LINCOLN, NEB. – James and Katie Olson of Atkinson were honored as Nebraska Farm Bureau's 2016 Young Farmers and Ranchers Achievement in Agriculture award winners at the Nebraska Farm Bureau 99th Annual Convention Tuesday, Dec. 6 at the Younes Convention Center in Kearney.

Farm Bureau members 18 to 35 years of age apply for the award. The Olson’s were selected on the basis of performance in farm or ranch management, setting and achieving goals, overcoming obstacles, and service to the community and Farm Bureau.

James and Katie Olson are the fourth generation to farm near Atkinson in Holt County. They raise 85 head of cow/calf pairs and grow corn, soybeans, and hay on about 900 acres. Both grew up on farms, James near Atkinson and Katie on a dairy farm near Spencer. Both graduated from Northeast Community College in Norfolk with James receiving a degree in Farm and Ranch Management and Katie in Agribusiness.

The Olson’s keep family a top priority, balancing a busy schedule with farm life and working with Nebraska Farm Bureau. James and Katie have five children, 12-year-old Luke, 9-year-old Hannah, 8-year-old Elizabeth, 4-year-old Rebekah, and 10-month-old Sarah. 12-year-old Luke has shown some interest in being the fifth generation on the farm.

They got started farming when James’ grandfather, Carroll Olson, sub-leased an irrigated school land quarter. The farm has grown enough to take over that lease. James also works part time for his grandfather and does all the planting and harvesting, the majority of the tillage, and the majority of the irrigating for eleven irrigated quarters for his grandfather. This is all in addition to their own field work and irrigating. They are very diligent about taking good care of the land, so conservation is always in the back of their minds. In 2014 they purchased an Aerway, a vertical tillage machine, which has greatly reduced the amount of tillage they do in the spring. It has been a great tool for the Olson’s.

Katie does the majority of the trucking, haying, making sure the weaned calves are healthy, and taking care of the cattle. She also helps out with tillage, planting, calving, and servicing pivots. The couple work together, using each other’s strengths to make things on the farm run as efficient as possible.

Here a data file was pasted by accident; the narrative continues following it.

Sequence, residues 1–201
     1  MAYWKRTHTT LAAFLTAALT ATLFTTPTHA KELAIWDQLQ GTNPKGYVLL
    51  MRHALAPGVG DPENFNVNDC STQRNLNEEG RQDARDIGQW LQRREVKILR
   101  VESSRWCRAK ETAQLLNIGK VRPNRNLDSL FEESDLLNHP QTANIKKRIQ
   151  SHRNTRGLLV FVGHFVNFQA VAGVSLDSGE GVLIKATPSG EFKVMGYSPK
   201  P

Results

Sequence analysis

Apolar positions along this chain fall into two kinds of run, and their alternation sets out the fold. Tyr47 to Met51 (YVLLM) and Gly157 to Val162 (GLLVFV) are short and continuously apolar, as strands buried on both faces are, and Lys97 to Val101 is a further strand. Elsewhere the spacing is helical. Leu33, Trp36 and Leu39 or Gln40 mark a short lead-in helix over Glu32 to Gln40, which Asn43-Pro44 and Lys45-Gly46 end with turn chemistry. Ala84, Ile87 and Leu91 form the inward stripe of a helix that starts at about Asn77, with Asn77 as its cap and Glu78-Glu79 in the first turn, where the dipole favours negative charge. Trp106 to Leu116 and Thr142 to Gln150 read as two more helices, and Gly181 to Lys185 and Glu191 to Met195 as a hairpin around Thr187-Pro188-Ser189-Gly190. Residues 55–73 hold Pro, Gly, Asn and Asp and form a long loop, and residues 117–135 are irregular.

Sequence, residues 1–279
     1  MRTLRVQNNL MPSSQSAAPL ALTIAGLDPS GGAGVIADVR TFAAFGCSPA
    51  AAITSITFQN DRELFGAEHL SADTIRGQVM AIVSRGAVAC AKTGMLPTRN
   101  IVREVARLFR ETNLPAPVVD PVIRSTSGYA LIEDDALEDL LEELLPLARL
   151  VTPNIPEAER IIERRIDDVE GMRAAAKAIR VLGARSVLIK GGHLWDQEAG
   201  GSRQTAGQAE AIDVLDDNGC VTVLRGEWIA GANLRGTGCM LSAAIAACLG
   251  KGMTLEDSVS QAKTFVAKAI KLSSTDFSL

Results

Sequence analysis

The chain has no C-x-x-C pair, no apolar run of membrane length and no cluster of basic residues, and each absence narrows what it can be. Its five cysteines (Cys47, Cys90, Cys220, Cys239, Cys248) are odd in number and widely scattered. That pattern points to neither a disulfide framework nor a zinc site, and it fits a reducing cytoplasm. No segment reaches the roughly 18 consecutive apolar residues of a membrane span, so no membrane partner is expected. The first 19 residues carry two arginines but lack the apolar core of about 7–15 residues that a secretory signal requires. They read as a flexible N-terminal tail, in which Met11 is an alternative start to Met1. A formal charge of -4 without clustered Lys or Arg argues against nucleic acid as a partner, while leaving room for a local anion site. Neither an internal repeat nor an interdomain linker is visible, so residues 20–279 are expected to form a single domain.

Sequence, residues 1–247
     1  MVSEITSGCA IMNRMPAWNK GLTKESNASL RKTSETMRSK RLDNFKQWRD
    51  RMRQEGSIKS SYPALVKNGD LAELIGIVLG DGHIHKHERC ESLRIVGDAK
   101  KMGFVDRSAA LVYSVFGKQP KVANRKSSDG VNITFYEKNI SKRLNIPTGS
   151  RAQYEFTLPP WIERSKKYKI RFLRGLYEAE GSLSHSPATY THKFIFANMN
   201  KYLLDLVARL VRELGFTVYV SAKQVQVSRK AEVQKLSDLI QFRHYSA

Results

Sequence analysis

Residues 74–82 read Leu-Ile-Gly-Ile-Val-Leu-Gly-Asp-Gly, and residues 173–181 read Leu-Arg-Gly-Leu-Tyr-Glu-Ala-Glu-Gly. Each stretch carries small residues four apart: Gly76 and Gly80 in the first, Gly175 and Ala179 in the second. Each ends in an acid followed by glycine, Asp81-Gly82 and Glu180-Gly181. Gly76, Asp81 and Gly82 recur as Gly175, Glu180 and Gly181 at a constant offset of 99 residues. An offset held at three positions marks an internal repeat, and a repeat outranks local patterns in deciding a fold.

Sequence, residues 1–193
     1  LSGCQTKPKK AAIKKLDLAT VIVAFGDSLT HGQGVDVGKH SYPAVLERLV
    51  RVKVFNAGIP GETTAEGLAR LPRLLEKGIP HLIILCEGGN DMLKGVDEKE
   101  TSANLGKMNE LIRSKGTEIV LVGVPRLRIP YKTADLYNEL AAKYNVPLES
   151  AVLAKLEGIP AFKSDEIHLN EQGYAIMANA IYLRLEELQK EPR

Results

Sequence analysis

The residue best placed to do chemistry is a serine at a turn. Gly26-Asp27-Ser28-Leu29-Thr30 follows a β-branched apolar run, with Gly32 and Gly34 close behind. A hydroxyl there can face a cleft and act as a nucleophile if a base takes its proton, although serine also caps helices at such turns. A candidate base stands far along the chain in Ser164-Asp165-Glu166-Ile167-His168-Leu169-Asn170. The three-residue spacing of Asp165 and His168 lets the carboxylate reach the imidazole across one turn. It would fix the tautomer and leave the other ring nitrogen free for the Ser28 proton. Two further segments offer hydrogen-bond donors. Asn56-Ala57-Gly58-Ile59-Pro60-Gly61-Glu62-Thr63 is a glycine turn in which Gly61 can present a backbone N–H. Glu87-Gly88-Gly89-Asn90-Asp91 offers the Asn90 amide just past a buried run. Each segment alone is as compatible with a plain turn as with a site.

“We have started using cover crops to help with erosion and keeping organic matter back in the ground. This method saves us money on fertilizer. We have our cows graze on those fields in the spring, which saves us from having to hay the cows until they can go to pasture. The fields also have moisture probes so we know just how much water is available for our crops, so we save money by not overwatering and we can easily monitor if the ground is getting too dry. The pivots are also linked to our smartphones so we can manage them wherever we are,” Katie Olson said.

The Olson’s try to find better ways to measure and evaluate the management of the operation. On the cow/calf side of the farm, they have been buying feeder calves and putting them in a feedlot. The Olson’s take the corn they grow to the feedlot to feed it to their calves. All of these methods help them to become as self-reliant as possible with the farming operation.

“This has allowed us to sell our corn for a fixed price where our profit is locked in. We also try to minimize our risk by hedging the cattle. We can lock in a profit on the corn side or the cattle side,” James Olson said.

The Olson’s currently are serving their second term on the state YF&R committee, representing district six. Katie is active on the local Holt County Farm Bureau board, currently serving as vice president. Both are very active in 4-H and their church. As winners of the Young Farmers and Ranchers Achievement Award, the Olson’s will receive a $500 cash prize and an all-expense paid trip to the 2017 American Farm Bureau convention in Phoenix, Arizona, in January, where they will compete in the national contest.

The Nebraska Farm Bureau is a grassroots, state-wide organization dedicated to supporting farm and ranch families and working for the benefit of all Nebraskans through a wide variety of educational, service and advocacy efforts. More than 61,000 families across Nebraska are Farm Bureau members, working together to achieve rural and urban prosperity as agriculture is a key fuel to Nebraska’s economy. For more information about Nebraska Farm Bureau and agriculture, visit